1. There is no merit in the defendant's argument that, after sentencing him on twenty convictions, the judge lacked authority to use the twenty-first conviction to send the defendant to the treatment center for observation and thereafter to commit him to an indeterminate term. In Commonwealth v. Godfroy, 420 Mass. 561 , 564 (1995), citing Commonwealth v. Desroches, 27 Mass. App. Ct. 866 , 868 (1989), we held that, under the statute in effect at the time of Godfroy's guilty pleas (G. L. c. 123A, s. 5, as appearing in St. 1985, c. 752,

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s. 1), the judge could not properly sentence a person on the crimes to which he pleaded guilty and thereafter, as to the same crimes, commit him to the treatment center as a sexually dangerous person. That is not the case here. The judge had not yet sentenced the defendant on the conviction that underlay the judge's determination to send the defendant to the treatment center and then, after a hearing, to commit him as a sexually dangerous person. [Note 2] The fact that the judge had already sentenced the defendant on other convictions did not deprive him of authority to commit the defendant to the treatment center in lieu of sentence on the remaining indictment for aggravated rape.

2. The defendant next argues that because the Legislature has repealed G. L. c. 123A, s.s. 3-5 (see St. 1990, c. 150, s. 304), eliminating all new commitments to the treatment center, his continued retention in the treatment center violates his constitutional rights. [Note 3] He contends that his commitment is penal in nature because it has been demonstrated that the treatment purposes of G. L. c. 123A cannot be realized. The defendant further relies on St. 1993, c. 489, which transferred control of the treatment center from the Department of Mental Health to the Department of Correction. He claims that, because his commitment to the treatment center was imposed without all the due process protections applicable to a criminal proceeding, and because his commitment is now solely penal, he has been denied due process of law. Further, he argues that he has been denied equal protection of the laws because there is no adequate justification for treating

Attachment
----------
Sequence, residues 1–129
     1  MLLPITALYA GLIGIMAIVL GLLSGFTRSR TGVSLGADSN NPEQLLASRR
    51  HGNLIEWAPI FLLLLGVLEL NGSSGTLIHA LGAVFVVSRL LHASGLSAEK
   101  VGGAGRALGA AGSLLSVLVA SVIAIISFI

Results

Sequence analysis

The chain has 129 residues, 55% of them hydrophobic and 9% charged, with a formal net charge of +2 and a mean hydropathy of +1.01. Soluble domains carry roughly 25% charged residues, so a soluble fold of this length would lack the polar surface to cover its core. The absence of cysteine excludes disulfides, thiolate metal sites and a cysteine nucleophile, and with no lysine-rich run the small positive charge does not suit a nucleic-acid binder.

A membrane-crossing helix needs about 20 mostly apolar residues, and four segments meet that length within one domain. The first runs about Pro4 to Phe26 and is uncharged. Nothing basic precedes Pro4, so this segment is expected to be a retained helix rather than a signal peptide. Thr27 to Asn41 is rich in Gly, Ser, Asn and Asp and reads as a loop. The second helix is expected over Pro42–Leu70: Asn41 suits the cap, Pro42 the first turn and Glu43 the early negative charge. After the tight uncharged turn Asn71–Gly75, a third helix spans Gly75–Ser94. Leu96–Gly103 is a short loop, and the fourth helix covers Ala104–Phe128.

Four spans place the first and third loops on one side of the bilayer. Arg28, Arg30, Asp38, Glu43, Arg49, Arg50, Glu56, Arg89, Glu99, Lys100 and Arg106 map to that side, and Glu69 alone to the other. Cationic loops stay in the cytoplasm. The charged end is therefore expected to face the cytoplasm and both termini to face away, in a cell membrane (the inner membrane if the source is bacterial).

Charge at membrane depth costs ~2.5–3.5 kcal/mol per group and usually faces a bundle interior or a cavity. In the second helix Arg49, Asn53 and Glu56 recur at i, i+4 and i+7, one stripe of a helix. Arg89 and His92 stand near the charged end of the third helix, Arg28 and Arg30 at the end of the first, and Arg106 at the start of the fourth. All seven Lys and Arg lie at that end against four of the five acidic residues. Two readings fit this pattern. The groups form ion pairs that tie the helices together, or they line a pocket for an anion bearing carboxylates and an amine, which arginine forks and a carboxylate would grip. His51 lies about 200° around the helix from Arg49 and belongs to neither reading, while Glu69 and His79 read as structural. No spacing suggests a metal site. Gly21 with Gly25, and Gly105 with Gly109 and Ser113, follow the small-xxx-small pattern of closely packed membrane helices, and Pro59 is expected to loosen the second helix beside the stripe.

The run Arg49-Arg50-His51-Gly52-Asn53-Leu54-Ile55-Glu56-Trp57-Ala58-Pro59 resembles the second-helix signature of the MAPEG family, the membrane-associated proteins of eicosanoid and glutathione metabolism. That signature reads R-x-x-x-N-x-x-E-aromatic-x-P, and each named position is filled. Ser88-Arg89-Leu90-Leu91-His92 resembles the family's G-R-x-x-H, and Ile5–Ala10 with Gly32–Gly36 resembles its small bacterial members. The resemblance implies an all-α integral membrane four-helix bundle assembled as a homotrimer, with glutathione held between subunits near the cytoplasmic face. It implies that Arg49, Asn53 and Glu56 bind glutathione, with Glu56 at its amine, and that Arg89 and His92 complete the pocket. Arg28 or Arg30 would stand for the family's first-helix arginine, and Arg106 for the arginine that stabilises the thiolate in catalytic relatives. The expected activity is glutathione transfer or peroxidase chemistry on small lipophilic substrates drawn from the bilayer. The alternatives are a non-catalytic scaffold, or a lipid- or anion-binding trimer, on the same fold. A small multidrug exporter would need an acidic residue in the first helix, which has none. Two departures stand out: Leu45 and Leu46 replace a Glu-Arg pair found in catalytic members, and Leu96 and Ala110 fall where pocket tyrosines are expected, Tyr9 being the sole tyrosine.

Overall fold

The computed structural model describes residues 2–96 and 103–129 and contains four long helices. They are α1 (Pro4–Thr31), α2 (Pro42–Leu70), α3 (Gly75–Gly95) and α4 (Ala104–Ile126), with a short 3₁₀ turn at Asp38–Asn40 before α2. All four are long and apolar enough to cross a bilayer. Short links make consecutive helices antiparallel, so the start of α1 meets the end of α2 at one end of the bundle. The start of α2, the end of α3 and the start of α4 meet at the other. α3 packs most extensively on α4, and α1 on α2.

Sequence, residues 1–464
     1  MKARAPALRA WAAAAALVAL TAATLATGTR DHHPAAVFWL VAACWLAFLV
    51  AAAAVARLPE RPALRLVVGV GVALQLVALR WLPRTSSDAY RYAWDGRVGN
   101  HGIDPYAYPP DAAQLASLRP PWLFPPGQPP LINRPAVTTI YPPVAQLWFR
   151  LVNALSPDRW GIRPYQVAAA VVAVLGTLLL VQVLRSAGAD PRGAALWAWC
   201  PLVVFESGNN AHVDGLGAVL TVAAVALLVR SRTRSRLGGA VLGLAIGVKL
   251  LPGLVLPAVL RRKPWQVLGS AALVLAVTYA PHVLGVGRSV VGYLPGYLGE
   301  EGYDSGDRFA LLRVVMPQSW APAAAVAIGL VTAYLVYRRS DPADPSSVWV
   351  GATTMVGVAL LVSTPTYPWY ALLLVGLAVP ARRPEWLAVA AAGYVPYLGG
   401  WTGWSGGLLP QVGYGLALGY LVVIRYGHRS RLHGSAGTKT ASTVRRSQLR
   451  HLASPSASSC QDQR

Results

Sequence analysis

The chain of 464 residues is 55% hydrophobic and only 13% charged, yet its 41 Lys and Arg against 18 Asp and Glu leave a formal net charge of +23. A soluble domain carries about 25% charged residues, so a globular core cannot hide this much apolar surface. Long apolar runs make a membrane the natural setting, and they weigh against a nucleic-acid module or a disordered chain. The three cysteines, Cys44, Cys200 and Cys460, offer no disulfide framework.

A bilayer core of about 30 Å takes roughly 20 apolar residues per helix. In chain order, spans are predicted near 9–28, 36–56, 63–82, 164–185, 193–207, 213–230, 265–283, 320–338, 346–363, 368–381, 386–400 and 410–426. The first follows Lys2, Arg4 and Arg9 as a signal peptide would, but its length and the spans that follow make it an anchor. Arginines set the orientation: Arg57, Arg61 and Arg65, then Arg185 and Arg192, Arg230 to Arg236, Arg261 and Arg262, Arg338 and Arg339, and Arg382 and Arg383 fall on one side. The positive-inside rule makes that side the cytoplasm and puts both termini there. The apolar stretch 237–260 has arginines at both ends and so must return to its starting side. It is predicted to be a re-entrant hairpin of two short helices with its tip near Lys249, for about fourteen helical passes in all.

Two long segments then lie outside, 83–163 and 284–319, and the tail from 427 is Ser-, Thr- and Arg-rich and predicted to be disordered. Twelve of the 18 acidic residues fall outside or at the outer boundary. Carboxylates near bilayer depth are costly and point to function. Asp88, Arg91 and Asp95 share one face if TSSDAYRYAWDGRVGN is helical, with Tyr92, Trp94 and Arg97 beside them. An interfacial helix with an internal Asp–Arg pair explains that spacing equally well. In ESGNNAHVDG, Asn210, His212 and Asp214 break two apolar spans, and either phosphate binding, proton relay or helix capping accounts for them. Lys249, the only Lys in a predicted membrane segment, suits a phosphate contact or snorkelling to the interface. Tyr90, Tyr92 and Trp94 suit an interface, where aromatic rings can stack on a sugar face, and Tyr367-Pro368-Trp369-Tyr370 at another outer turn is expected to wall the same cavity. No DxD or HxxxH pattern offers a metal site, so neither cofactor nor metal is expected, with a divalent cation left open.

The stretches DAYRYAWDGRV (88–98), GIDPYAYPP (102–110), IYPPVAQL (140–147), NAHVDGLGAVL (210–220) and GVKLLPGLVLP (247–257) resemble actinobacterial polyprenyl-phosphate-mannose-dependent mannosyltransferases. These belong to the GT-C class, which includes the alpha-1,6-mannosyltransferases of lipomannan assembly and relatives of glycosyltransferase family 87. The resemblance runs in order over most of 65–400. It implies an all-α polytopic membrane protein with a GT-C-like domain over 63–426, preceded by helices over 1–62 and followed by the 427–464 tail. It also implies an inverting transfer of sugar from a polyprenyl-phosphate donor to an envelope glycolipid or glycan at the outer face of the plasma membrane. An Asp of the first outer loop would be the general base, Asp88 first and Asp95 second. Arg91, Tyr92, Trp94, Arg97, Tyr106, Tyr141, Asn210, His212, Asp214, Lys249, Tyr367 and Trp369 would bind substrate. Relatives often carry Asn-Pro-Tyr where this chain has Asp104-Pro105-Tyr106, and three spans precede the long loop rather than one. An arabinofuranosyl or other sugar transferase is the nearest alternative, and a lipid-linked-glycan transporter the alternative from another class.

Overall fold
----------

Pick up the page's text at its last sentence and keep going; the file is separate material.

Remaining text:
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him differently from others who have committed similar crimes. [Note 4]

We have held that the commitment statute has a remedial, nonpunitive purpose. See Commonwealth v. Barboza, 387 Mass. 105 , 111-112, cert. denied, 459 U.S. 1020 (1982). See also Hill, petitioner, 422 Mass. 147 , 152-154, cert. denied, 117 S. Ct. 177 (1996); Sheridan, petitioner, 412 Mass. 599 , 604 (1992). The defendant's due process argument fails because he has not shown that the treatment center lacks continued viability as a place where sexually violent offenders can receive nonpunitive psychiatric treatment. Indeed, as a result of a 1994 discharge hearing sought by the defendant (see G. L. c. 123A, s. 9), a Superior Court judge found that the defendant had been involved in treatment at the center, including individual and group therapies, with varying degrees of success.